Waverly moves forward with dry run project despite opposition
WAVERLY (KWWL) -
On Wednesday state officials agreed to fork over hundreds of millions of dollars to communities across northeast Iowa.
The state funds will allow communities like Waverly to complete a $7.1 million project to mitigate flooding in the dry run.
"It will be able to handle a whole lot more water within the banks than it can right now," said City Administrator Phil Jones.
"The design that we're using for the construction project that'll go forward over the next couple of years, what it'll do is it'll be able to better hold a 100-year rain event within the banks instead of spilling out and flooding neighboring properties and streets," he said.
Jones said plans are to make the dry run, that weaves through much of downtown Waverly, deeper and wider.
"We just think it's a great step ahead for the city, especially the core historic part of the city to really improve conditions there and reduce people's worry about flooding concerns," said Jones.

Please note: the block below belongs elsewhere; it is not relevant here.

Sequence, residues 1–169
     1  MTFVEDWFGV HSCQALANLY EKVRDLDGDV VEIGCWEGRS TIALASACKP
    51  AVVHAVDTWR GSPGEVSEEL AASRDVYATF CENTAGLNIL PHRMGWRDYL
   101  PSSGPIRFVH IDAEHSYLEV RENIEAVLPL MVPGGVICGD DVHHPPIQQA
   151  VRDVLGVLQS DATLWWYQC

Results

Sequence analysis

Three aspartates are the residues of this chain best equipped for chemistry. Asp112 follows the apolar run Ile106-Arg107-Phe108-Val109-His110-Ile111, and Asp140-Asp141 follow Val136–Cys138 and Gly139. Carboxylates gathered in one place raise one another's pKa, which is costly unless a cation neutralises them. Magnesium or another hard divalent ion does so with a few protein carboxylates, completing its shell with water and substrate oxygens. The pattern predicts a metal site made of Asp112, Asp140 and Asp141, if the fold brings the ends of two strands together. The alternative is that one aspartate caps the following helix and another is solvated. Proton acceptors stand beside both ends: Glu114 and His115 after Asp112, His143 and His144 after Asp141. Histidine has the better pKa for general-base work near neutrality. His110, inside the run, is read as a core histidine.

While city officials are celebrating the state's $5.65 million toward the dry run project, not everyone in Waverly is on board.
"I don't know really if it's going to do that much good to be honest," said Fred Strotman, owner of Strotman Building Center.
For almost 100 years, Strotman's family business has sat about 100 feet from the banks of the dry run.
According to Strotman, the business experienced about $150,000 worth of damage in the 2008 flood.
"I don't think dumping money in it is really going to help that much," said Strotman, adding that he doesn't believe the city has a "track record" of spending money wisely.
"I'm just skeptical," said Strotman.
Jones said the city expects the dry run project to be completed in early 2017. He also said after the completion of the project, about 450 properties in Waverly will be out of the 100-year flood zone.